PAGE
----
But the alliance ultimately proved providential, as--sometimes for entertainment--Aames and McCaslin would cruise the streets of Los Angeles at night while listening to a pastor preach on the radio. They eventually decided to attend the pastor's church.

Aames wore black leather and sunglasses to the church and, at the request of one of the church's ushers, reluctantly extinguished a cigarette dangling from his mouth before he entered the sanctuary. As they walked to their seats Aames says the couple "could feel that the people were just happy we were there."

During the service several people shared their testimonies. "These people had done all the things I had done, but they had hope," Aames says. "I had had everything this world could offer, but I had never had hope."

That day, Aames and McCaslin allowed Jesus to become their Savior. They began attending the church frequently and met with the pastor.

"He assured us we were new creatures in Christ. We both wept because we realized God was giving us a clean slate," Aames says. "But we realized there was a lot of physical, spiritual and emotional healing that was needed."

For Aames, part of that healing meant reconciling with his parents.

"After I got saved I realized my parents were not my problem," he says. "My problem was a spiritual problem. There was a spiritual battle being waged for my soul."

Many of those battles stemmed from his childhood memories.

"There is real power in the occult," he says. "The memories it left me with could be dangerous because Satan tries to use those as a distraction with my walk with God. But Jesus Christ corrects all things and has nullified the sins of my past."

Aames says overcoming the power of memories and drug addictions also is the work of the Holy Spirit: "I am Spirit-filled, and I believe in speaking in tongues. It's scriptural. Sometimes our words are too clumsy to communicate with God."

A Battle for Souls

It has been more than 15 years since Aames and McCaslin committed their lives to Christ. They married in 1986, and in 1990 they moved to Kansas City, Kansas, where Aames worked as a writer, producer and director.

There the Aameses attended a tiny church where they were "grounded in the Word," he says. It also was there that Pamplin Entertainment, now based in Portland, Oregon, broached the idea of Bibleman.

"I thought Bibleman was the worst idea I had ever heard," Aames says. "But after praying about it and seeking counsel from my pastor and Christian friends, I began to like the idea."

Since its inception, Bibleman Live and Bibleman videos have evolved into high-energy productions with state-of-the-art special effects, but other hallmarks are the use of campy humor and sometimes corny dialogue. Yet couched in it all are serious matters.

"Bibleman has always been geared to presenting real-life dilemmas and real-life scenarios that kids can relate to," Aames said. "We then offer real answers by presenting God's Word, supported with chapter and verse."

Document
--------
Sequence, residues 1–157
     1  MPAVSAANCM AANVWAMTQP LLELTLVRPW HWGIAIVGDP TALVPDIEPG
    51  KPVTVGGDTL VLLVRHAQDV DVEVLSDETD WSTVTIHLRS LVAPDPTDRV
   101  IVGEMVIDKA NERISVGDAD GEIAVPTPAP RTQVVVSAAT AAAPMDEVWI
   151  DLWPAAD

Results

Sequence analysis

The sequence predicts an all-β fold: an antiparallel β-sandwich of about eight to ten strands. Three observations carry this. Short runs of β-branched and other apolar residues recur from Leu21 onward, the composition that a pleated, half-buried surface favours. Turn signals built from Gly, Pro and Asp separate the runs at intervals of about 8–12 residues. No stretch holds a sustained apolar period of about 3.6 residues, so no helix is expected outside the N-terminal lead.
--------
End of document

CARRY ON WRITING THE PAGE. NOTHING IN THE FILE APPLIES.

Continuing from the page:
Evangelist Franklin Graham has used Bibleman as part of several evangelistic outreaches. Steve Peterson, who works with Graham, says Bibleman is the alternative of choice for children and parents weary of secular superheroes.

"The show is pretty much all Scripture wrapped around special effects and a story line," he says. "Bibleman has been one of the most successful children's outreaches we have had."

Kids and parents seem to agree.

"Bibleman is cool, and he's also a Christian," says Natasha Turnure, 11, who has seen the Bibleman show at her church in Rocklin, California. "I learned that the bad guy never wins and that God will always help kids when they are going through hard times."

"We went to the Bibleman show to be entertained, but we knew it was going to be God-centered," says Chuck Hepola of Willard, Missouri. "The show opened doors for us to talk to our kids about spiritual things."

Although Aames' live show was effective at spreading the gospel, it was never financially practical. Each year it cost more than $1 million to produce, and in 5-1/2 years of touring it never broke even.

One reason for this, Aames says, is that churches were charged a little more than $5,000 for each show, and the price of Bibleman merchandise was never ratcheted up at the shows.

"We were born of the church, and we will remain of the church," Aames says. "I want to remain accessible to the church because this is about ministry. As long as we can pay our bills and get the message out, then I think we are doing what God wants us to do."

Whatever the reason for the funding being pulled from the live shows (Aames did not comment on the specifics and repeated calls by Charisma to Pamplin Entertainment were not returned), Bibleman fans will be left to wonder why their superhero has vanished and when and if he is ever coming back.

"I am not worthy of this kind of responsibility, but that's the effect Bibleman has on kids," Aames said last year about the number of children committing their lives to Christ at the shows. "I realize that it has nothing to do with me. It just makes me realize how good Jesus really is."


Kirk Noonan is news editor for The Pentecostal Evangel in Springfield, Missouri. He currently is working on a report for Charisma about evangelism efforts in the U.S. military.